Fiat is just recovering from a very long and damaging strike and the men are, I'm told, refusing to work overtime to make up the numbers. I heard it said that the dispute had cost the company over £50m in lost sales alone. Most of the other makers are facing a combination of increased demand and shortage of components. Just like home!

• Price of power

Another topic at the Amsterdam Show was the cost of power-to-weight legislation. The German hauliers are up in arms about this. For example, the 8 bhp per laden ton limit will be introduced for new trucks up to 28 tons gross on January 1 next year, and for 28 to 38 tons gross on January 1, 1972. And operators say that in the top class, the new Mercedes V10 engine, together with synchromesh gearbox, tilt cab and other refinements is likely to result in a vehicle, about £1,000 dearer than the current 230 bhp model with fixed cab and non-synchro box.

Since only new vehicles will be affected by the regulations, German manufacturers are expecting a flood of orders for the present lower-powered models over the next two years, and then a dramatic fall-off in sales of heavies for a period after January 1972. Operators will, they think, have set themselves up for a long time with the cheaper models.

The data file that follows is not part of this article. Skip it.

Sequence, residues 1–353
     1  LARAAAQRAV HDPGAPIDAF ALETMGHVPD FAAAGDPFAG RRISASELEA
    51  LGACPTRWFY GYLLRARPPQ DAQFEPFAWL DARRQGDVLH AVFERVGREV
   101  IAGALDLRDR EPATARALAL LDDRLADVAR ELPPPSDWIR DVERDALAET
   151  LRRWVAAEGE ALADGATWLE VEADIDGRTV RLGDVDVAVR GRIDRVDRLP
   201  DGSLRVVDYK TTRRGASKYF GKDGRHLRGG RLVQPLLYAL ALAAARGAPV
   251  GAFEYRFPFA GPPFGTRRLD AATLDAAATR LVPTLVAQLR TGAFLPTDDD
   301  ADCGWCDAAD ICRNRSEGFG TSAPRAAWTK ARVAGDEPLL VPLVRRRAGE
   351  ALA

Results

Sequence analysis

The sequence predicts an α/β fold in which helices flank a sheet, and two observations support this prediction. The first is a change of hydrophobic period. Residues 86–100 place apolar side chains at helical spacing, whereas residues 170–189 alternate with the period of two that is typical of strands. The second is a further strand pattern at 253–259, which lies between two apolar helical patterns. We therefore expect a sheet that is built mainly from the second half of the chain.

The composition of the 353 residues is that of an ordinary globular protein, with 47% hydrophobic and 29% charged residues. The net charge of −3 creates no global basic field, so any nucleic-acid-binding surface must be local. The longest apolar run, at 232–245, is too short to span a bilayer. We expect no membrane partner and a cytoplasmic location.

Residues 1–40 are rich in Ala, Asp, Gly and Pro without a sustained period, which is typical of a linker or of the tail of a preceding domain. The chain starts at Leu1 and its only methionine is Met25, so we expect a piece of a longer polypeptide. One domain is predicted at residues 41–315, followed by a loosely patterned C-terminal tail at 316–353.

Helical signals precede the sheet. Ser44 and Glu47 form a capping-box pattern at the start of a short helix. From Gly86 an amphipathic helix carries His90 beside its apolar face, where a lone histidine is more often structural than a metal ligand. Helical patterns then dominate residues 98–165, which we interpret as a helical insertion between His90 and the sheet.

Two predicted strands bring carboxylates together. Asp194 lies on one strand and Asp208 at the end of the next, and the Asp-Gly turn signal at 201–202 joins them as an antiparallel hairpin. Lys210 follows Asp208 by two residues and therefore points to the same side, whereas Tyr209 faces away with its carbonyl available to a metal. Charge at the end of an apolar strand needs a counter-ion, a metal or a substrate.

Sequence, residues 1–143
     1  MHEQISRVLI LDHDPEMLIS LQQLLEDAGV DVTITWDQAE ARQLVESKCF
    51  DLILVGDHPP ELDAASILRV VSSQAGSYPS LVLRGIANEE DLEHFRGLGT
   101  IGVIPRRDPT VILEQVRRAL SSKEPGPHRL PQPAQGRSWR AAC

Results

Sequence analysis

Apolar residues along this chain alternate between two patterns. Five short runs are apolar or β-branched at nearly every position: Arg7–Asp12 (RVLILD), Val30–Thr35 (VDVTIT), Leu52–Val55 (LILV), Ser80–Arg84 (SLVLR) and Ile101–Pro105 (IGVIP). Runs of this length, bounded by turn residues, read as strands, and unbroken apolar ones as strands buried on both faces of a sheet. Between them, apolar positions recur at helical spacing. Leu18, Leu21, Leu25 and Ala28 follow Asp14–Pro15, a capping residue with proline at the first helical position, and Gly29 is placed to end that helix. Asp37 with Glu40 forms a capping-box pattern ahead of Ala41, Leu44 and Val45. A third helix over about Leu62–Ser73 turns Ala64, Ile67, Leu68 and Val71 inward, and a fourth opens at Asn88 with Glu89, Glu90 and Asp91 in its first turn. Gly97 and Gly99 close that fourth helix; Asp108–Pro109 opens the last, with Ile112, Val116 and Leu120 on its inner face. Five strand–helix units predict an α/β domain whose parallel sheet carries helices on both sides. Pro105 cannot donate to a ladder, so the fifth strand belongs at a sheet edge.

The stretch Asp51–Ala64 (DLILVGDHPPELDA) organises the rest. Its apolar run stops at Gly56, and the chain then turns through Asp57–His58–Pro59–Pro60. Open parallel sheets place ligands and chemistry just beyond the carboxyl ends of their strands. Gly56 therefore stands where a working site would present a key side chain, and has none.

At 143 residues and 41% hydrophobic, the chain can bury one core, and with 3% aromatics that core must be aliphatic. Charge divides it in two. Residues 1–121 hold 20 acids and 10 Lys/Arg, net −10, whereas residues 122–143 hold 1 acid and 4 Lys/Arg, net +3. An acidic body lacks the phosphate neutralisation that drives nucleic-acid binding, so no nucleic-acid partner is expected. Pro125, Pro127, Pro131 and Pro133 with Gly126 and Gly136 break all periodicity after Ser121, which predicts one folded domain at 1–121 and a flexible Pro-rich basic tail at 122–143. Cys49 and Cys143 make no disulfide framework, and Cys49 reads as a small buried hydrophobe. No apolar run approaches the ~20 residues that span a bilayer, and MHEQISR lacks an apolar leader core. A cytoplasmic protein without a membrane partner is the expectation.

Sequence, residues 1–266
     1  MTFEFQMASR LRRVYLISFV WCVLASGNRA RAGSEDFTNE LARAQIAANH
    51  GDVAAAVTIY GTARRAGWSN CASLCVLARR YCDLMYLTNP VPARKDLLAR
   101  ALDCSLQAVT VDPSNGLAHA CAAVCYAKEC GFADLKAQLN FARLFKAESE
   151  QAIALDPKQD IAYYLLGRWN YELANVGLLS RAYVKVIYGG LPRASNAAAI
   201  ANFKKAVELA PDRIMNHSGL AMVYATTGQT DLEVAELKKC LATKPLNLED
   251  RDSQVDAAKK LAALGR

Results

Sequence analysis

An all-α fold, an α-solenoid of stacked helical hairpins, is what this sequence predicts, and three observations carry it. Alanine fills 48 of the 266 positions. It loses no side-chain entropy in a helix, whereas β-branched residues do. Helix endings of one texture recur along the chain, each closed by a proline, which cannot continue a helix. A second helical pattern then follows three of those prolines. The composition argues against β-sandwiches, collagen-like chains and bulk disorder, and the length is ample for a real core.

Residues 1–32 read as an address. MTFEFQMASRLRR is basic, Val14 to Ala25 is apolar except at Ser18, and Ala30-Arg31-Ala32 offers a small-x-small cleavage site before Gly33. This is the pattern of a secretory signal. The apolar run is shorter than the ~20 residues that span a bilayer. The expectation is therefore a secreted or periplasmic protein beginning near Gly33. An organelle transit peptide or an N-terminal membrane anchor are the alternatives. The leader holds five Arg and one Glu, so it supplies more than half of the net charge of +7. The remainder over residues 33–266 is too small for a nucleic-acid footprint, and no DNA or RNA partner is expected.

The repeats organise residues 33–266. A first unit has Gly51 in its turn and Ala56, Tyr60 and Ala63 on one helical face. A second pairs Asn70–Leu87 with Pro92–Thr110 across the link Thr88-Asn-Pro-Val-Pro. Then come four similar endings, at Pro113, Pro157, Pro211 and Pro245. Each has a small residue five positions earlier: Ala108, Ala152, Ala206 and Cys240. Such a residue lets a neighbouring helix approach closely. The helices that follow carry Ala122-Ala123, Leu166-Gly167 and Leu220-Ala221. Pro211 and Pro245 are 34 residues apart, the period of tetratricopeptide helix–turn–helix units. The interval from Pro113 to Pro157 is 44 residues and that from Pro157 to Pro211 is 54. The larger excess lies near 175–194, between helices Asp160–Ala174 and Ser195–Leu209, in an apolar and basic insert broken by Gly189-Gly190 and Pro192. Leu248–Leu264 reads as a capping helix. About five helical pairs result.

• Tug of war

Municipal transport disagreements tnat might once have been swept under the carpet are often going to get an airing now that meetings of the new Passenger Transport Authorities are open to the Press. And already there is evidence of a critical atmosphere developing between the SELNEC authority and its PTE. At last week's PTA meeting, Cllr. G. Mann, of Manchester, complained that the executive was not keeping members of the Authority fully informed about the undertaking's progress. In particular, he instanced reports that consideration was being given to the closure of three bus depots in the city.

It was, you may be pleased (or surprised or annoyed, according to your point of . view) to hear, one of the Minister of Transport's four appointees on the 30-strong body who provided the telling answer. Said Lord Wright of Ashton-under-Lyne: "We can't have management by show of hands." Rona one to the professionals, I think?

• Safety money

I've started fining colleagues in the office and I hope I make a fortune—all in a good cause. The Jim Clark Foundation—which raises funds for research into all forms of motoring safety, as a permanent memorial to the world champion racing driver—has produced a "road safety box". This is a printed cardboard collecting box embellished with coloured reproductions of 20 British road signs. The idea is to ask people to identify the signs and fine them 6d (for the cause) for every wrong answer. Conscience compels me to admit that I've started the ball rolling with 3s in the box, and I thought I was rather well informed on the new signs!


Organisations: Jim Clark Foundation
Locations: Amsterdam, Manchester, Geneva